Fwd: War Spirit Needed for Climate Fight, U.K. Green Party Head Says

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War Spirit Needed for Climate Fight, U.K. Green Party Head Says
2011-01-20 06:00:00.1 GMT

By Alex Morales
Jan. 20 (Bloomberg) -- The spirit of World War II, when
Britons banded together to cut food and fuel consumption, is
needed to help the country fight climate change, Caroline Lucas,
leader of the nation's Green Party, said today.
Efforts to reduce the greenhouse gas emissions blamed for
global warming at a time when the government is reducing
spending to curb its deficit have created a new "Home Front,"
requiring war-time thrift and efficiency, Lucas said in a study
she commissioned from the New Economics Foundation.
During the war from 1939 to 1945, British homes pared coal
demand by a quarter, reduced motor vehicle use 95 percent, and
saved 110,000 tons of scrap metal a week. By April 1943, enough
kitchen waste was saved to feed 210,000 pigs a week. While food
consumption declined 11 percent, health indicators improved,
according to Andrew Simms, author of the report.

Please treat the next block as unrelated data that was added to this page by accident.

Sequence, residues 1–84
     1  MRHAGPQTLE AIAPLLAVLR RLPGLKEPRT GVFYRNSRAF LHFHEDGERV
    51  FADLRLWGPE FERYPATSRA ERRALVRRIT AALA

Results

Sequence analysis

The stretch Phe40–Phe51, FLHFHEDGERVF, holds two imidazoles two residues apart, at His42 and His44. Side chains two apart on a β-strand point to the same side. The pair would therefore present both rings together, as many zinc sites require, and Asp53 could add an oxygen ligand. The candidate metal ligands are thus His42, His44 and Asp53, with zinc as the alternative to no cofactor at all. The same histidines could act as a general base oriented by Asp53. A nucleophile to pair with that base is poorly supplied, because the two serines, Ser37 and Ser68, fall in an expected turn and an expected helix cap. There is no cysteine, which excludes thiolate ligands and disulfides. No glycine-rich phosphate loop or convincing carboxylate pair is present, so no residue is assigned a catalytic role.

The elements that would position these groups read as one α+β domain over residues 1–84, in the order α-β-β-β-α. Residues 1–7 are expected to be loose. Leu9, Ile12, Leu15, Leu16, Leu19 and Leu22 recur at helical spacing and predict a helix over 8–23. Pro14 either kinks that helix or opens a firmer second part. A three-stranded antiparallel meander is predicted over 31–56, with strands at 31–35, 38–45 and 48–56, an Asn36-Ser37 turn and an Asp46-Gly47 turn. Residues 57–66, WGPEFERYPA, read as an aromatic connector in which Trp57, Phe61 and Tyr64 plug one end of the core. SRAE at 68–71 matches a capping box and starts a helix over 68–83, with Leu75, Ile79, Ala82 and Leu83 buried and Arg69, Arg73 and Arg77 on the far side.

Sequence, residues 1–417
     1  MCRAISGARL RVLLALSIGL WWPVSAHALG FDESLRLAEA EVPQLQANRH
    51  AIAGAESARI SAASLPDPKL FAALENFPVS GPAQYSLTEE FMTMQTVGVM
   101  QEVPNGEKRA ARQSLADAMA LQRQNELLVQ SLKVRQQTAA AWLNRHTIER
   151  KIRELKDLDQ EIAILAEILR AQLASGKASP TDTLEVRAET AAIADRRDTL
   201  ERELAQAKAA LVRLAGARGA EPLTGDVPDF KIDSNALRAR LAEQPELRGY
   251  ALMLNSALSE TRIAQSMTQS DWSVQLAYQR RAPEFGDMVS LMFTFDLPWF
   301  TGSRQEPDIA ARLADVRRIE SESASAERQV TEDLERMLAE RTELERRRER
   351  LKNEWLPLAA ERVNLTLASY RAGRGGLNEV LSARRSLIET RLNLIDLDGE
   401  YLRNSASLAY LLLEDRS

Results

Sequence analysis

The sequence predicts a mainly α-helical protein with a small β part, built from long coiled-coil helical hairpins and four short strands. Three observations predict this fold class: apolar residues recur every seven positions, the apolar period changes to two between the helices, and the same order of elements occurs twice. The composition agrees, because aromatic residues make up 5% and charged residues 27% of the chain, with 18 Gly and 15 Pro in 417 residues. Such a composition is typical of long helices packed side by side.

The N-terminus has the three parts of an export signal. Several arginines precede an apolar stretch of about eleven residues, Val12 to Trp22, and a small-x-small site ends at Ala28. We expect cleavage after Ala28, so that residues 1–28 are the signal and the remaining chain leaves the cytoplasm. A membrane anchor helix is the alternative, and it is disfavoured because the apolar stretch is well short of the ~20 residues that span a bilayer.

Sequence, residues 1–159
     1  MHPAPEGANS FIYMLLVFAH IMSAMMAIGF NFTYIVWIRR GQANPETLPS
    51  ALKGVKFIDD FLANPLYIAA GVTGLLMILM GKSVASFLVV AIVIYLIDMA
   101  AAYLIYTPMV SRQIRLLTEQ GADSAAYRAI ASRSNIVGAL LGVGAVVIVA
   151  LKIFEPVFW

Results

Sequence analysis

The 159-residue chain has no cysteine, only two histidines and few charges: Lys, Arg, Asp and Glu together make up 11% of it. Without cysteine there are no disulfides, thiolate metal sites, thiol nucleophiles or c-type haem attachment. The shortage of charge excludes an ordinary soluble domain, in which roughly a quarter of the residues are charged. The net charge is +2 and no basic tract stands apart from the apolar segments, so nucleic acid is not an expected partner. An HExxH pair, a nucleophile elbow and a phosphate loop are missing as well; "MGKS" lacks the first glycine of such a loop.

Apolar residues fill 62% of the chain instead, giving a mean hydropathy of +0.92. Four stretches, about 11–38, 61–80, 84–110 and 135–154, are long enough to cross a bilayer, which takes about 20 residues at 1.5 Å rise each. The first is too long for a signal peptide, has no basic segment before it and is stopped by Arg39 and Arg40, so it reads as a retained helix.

"If we are to overcome the threat of climate change, our
country will need to move onto the equivalent of a war footing,
where the efforts of individuals, organizations and government
are harnessed together and directed to a common goal," the
report said. "Only this will provide the urgency, energy and
creativity we need to avert disaster."
People with memories of World War II should be tapped for
their experiences in reducing dependence on scarce resources,
and mobilizing the public to do likewise, said Lucas, who in May
became the country's first member of Parliament from the Green
Party. Schools, universities, churches, charities, police, fire
and health services all have a role to play, she said.
The study suggested measures could be taken including
campaigns to eat locally-produced seasonal foods and displaying
publically the efforts taken by government to conserve energy.
"The changes now underway in our climate, if unchecked,
pose probably the greatest threat to Britain that we have ever
faced," Lucas said. "Putting off difficult issues has a habit
of making them far more costly to deal with in the long run.
Climate change is certainly in that category."

For Related News and Information:
Climate-change news: NI CLIMATE <GO>
Top environment stories: GREEN <GO>
Most-read environmental news: MNI ENV <GO>
Renewable Energy Stories: NI ALTNRG <GO>

--Editor: Reed Landberg, Randall Hackley

To contact the reporter on this story:
Alex Morales in London at +44-20-7330-7718 or

To contact the editor responsible for this story:
Reed Landberg at +44-20-7330-7862 or landberg@bloomberg.net.